arrived home, Hopkins and her friend each had a couple more
shots of Fireball whiskey. Around 5:30 p.m., Hopkins's
cousin and her cousin's daughter arrived at Hopkins's
home for dinner. About twenty or thirty minutes later,
Hopkins's friend and her son left Hopkins's home.
Hopkins had "a few more shots" of Fireball whiskey
with her cousin. Hopkins "wasn't counting" but
estimated that between 2:30 p.m. and 7:30 p.m. she consumed
roughly seven shots of Fireball whiskey, smoked marijuana,
and took a Benadryl.
Around 8:00 p.m., Hopkins's cousin and her cousin's
daughter left, and Hopkins began her nighttime routine by
getting her older boys ready for bed. While she was helping
the older boys, she put the baby in a bouncy seat in the
living room. Hopkins got the boys into their bed and began
feeling very "spinny" and "not feeling well at
all." Hopkins lay down at the foot of the older
boys' bed and "fell asleep big time." She awoke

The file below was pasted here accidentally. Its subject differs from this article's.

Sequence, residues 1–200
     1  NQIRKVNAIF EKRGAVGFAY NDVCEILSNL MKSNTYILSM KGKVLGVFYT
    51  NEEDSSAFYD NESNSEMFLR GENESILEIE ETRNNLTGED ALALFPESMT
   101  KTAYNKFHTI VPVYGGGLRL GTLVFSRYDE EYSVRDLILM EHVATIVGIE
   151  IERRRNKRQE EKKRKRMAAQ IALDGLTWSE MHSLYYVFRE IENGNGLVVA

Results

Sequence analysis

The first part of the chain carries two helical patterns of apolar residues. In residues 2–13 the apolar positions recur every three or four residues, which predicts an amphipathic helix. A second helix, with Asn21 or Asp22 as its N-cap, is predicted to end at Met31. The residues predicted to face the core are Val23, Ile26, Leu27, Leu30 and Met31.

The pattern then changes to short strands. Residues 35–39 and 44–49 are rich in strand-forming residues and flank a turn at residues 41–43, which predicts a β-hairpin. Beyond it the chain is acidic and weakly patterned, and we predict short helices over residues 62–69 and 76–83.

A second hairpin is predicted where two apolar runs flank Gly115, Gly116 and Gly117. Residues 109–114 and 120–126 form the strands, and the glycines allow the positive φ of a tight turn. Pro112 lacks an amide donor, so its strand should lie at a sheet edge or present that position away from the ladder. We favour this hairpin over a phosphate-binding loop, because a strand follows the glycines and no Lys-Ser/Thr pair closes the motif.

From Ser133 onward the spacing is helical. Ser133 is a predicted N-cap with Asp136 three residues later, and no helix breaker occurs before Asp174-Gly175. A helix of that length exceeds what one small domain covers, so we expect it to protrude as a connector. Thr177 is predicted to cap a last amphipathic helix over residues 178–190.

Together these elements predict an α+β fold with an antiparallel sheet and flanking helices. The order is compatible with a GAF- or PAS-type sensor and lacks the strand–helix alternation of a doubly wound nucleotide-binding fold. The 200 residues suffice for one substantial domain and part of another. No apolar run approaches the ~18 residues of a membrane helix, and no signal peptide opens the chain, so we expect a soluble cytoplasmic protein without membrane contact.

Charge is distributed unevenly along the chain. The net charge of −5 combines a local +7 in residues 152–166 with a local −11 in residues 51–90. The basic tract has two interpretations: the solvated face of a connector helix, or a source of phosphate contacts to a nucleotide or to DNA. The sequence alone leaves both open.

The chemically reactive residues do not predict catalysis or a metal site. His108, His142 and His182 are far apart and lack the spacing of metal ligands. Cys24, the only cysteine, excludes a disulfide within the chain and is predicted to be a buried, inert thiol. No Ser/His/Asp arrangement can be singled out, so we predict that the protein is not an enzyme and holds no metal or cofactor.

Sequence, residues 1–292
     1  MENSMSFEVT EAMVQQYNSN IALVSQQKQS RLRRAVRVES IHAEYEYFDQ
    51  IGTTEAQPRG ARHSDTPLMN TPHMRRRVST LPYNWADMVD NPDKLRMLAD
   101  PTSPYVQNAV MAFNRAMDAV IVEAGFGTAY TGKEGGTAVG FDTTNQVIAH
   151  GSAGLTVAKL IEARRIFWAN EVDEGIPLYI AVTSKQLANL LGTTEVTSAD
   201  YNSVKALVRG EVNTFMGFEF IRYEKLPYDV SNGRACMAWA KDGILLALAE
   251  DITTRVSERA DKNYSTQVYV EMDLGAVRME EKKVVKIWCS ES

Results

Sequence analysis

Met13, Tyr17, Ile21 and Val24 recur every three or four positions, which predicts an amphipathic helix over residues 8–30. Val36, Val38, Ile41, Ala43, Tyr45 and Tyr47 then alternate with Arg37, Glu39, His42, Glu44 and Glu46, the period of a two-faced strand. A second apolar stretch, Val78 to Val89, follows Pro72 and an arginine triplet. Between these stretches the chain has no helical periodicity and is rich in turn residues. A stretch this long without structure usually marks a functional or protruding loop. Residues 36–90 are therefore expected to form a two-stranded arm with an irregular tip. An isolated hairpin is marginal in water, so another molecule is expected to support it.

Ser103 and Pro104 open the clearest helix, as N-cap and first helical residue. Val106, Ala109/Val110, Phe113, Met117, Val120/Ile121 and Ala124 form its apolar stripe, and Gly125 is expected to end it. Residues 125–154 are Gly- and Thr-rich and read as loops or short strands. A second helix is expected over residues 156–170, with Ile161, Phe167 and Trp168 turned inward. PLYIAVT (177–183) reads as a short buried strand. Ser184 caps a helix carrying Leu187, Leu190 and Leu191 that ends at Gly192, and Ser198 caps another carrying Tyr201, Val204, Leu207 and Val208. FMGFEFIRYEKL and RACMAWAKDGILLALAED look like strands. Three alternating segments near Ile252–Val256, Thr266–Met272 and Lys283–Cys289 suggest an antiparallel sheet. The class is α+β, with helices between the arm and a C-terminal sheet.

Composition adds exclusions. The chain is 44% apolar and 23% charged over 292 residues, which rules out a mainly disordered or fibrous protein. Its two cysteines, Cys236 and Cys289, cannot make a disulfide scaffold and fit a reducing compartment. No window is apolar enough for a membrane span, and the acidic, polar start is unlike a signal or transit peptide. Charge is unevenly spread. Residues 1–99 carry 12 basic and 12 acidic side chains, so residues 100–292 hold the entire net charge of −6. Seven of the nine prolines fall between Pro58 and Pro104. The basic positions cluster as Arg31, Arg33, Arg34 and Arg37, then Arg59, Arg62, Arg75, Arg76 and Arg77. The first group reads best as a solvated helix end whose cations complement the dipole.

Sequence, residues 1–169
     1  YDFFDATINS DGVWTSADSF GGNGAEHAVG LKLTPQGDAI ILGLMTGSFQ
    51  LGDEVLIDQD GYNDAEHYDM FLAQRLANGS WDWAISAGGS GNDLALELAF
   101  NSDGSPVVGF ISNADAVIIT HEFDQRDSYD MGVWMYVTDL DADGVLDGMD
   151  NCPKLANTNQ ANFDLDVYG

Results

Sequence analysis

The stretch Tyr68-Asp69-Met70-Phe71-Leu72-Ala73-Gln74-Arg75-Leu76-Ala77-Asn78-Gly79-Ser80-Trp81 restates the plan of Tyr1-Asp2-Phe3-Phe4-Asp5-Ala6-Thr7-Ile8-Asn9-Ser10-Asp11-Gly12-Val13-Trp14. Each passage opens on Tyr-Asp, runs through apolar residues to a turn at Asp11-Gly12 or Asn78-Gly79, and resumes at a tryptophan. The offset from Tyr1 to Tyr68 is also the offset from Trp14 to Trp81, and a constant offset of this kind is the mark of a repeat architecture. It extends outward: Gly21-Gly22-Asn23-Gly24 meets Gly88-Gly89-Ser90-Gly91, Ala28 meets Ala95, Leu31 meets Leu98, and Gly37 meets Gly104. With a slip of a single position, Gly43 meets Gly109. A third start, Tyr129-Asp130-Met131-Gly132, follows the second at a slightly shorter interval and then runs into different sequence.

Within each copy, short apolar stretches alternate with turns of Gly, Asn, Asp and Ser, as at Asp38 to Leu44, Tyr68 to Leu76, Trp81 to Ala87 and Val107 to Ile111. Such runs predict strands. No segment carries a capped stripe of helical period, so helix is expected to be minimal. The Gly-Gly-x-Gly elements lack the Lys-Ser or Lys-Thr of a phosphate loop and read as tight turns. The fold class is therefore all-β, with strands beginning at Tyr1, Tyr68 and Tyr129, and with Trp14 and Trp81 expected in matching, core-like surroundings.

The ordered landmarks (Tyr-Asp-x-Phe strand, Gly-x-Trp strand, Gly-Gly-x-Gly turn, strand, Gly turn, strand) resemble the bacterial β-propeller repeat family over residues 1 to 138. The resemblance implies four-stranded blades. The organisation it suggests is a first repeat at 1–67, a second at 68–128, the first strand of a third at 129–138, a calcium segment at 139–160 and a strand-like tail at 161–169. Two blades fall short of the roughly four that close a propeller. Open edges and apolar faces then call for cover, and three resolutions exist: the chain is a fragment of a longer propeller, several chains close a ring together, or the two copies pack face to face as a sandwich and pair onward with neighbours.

much later that night due to a "gall bladder
attack." Hopkins got an ice pack and then lay down in
her own bed. She "wasn't paying attention to
anything" as she walked from the older boys' room,
into the kitchen, and then into her bedroom.
Hopkins dozed off and then woke up again. Upon waking up, she
reached over and felt the baby's "ice cold"
hand. She testified that the baby was in his
"boppy" in an unnatural position and that his head
was "wrong." She immediately jumped out of bed,
turned on the lights, and grabbed her phone to dial
At around 1:47 a.m., Hopkins called 9-1-1 and reported that
the baby was not breathing, was cold to the touch, and had a
big bruise on him. She told the 9-1-1 dispatcher that one of
her older boys must have jumped on the baby in the night, but
that she had not heard him cry or any other noises. The
dispatcher instructed Hopkins to perform cardiopulmonary
At around 2:06 a.m., a Waldo County Sheriff's deputy
arrived at Hopkins's home. She found Hopkins performing
CPR on the baby on the floor in her bedroom. The deputy took
over CPR and noticed that the baby had a "significant